Wednesday, August 31, 2011

Are you 'vulture aware'?

On a hike in Portland’s Forest Park earlier this week, I ambled into the Audubon Wildlife Care Center on Cornell Road to discover volunteers preparing for “International Vulture Awareness Day.”

I have to confess I come up short when it comes to “vulture awareness.” A full day of it never crossed my mind.

I also snarkily thought the publication of Dick Cheney’s book might have some kind of tie-in with this Saturday's festivities.

There’s no question that vultures get a bad rap. Generally you don’t want to be referred to as a “vulture.”

But look at the up-side.

One web site expressed the benefits of vultures this way:

Vultures are scavenging birds that help recycle and prevent the spread of disease. Woodland Park Zoo is home to the turkey vulture, a species that ranges from southern Canada to South America. Turkey vulture numbers declined in the 1950s and 1960s, most likely due to the mistaken belief that they spread diseases. Shooting and poisoned baits often targeted these useful birds.

I mean, wouldn’t you like it said of you that you “help recycle and prevent the spread of disease”? From Southern Canada to South America, no less.

Can Cheney say as much?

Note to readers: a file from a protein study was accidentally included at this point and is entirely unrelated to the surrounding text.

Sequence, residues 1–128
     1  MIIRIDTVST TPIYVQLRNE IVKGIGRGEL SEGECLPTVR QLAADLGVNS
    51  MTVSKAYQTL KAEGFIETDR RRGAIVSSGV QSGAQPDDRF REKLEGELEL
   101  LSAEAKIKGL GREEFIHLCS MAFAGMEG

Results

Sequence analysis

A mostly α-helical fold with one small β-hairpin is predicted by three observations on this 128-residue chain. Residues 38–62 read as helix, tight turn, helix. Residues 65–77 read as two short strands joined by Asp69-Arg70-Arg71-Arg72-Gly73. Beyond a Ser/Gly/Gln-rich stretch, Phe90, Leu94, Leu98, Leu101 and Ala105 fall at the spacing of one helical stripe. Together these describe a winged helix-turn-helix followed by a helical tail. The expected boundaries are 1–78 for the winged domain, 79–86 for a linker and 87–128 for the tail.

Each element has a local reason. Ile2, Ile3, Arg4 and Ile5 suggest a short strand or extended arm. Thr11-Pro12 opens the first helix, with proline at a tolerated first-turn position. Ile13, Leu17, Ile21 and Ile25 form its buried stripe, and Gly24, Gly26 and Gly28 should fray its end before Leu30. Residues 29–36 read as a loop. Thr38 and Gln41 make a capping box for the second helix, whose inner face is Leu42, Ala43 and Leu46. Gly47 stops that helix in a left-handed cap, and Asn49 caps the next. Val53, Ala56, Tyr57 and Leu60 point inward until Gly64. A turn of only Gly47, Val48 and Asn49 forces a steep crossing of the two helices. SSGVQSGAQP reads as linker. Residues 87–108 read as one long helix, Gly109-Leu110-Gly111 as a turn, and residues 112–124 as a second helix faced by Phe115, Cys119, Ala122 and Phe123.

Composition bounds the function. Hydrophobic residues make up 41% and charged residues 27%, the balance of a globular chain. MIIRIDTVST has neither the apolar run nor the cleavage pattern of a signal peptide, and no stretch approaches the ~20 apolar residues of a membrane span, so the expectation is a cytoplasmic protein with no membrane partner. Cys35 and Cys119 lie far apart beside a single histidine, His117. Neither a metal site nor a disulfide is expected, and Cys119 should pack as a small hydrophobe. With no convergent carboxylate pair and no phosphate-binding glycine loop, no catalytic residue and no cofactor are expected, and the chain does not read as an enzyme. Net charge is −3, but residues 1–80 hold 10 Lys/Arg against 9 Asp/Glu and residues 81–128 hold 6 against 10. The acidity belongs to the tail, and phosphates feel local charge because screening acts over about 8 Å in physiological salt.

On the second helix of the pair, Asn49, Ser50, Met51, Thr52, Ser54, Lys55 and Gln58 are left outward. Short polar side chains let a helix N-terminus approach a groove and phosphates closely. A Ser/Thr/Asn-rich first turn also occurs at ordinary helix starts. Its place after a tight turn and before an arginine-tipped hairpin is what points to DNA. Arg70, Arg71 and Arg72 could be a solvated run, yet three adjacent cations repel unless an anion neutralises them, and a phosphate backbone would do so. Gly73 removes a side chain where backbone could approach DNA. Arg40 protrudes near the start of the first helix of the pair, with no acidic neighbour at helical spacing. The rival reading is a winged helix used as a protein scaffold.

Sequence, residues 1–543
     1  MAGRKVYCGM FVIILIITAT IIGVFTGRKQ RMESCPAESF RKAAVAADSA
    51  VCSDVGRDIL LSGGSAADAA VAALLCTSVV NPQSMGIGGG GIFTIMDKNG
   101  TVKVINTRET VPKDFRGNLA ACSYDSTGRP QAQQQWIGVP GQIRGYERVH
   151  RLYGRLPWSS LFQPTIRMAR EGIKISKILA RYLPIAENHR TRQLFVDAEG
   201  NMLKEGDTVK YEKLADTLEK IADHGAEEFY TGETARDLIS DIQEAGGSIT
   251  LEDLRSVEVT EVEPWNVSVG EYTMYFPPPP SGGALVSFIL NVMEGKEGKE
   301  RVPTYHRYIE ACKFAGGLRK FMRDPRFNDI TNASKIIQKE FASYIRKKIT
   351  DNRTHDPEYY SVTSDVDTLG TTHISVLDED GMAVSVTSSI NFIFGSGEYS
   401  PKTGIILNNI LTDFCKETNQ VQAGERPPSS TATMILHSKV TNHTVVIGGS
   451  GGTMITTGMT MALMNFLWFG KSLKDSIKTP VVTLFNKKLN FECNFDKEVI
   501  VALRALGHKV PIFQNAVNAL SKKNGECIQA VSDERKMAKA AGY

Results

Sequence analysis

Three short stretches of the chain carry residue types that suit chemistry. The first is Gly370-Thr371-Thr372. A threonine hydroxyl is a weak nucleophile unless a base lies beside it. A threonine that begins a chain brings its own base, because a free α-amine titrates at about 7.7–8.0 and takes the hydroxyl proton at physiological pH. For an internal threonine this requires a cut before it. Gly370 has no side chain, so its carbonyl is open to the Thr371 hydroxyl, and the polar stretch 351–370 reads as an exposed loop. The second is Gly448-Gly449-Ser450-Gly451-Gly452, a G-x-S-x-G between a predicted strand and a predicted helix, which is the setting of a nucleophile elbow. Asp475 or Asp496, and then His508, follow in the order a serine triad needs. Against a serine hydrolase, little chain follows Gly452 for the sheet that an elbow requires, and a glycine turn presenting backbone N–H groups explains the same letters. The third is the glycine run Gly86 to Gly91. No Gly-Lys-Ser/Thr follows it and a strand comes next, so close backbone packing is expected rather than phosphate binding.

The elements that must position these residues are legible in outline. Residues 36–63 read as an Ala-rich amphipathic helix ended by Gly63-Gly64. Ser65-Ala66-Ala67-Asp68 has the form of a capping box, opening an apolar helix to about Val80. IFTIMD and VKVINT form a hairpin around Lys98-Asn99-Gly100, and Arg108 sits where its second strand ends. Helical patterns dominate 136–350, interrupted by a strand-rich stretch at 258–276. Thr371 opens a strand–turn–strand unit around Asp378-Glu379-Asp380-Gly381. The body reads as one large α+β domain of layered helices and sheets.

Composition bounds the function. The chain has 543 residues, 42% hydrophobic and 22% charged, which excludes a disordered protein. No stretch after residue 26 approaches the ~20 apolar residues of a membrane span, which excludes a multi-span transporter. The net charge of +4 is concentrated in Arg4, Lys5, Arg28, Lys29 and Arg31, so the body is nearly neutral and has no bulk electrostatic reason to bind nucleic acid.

Of course, like all do-gooders, there is the danger that you, fellow vulture, will be misunderstood. “Don’t shoot! I PREVENT disease; I don’t spread it! I may be ugly but, remember, I’m ‘useful’!”

So consider heightening your vulture awareness this Saturday at the Portland Audubon shelter, 5151 NW Cornell Road, from 11 a.m. to 3 p.m.

You and the little vulture-unaware ones in your family can:

“Meet Ruby, Portland Audubon’s Turkey Vulture close up.” (I have and she’s one ugly vulture, but she has soulful eyes. At her feet are dead mice — also known as “vermin.")

“Compare your ‘wingspan’ to that of an Andean Condor.” (Hint, you are waaay “wing-span” deficient.)

“Discover why vultures are important” (This, as it turns out, is as important for vultures as for you.)

“Make a pledge to help vultures survive.” (Raise you right wing and repeat after me....)

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Anonymous Anonymous said...

Yeah, I used to visit my sister out in Wahkiakum County, and one time I drove around a curve on a quiet road and came upon two turkey vultures feeding on roadkill. I stopped just in time, and had an up-close view of them taking off. They were surprisingly huge and surprisingly graceful.

People pooh-pooh them because they clutter up the sky when we're hoping to see eagles. -- B.

6:01 PM  

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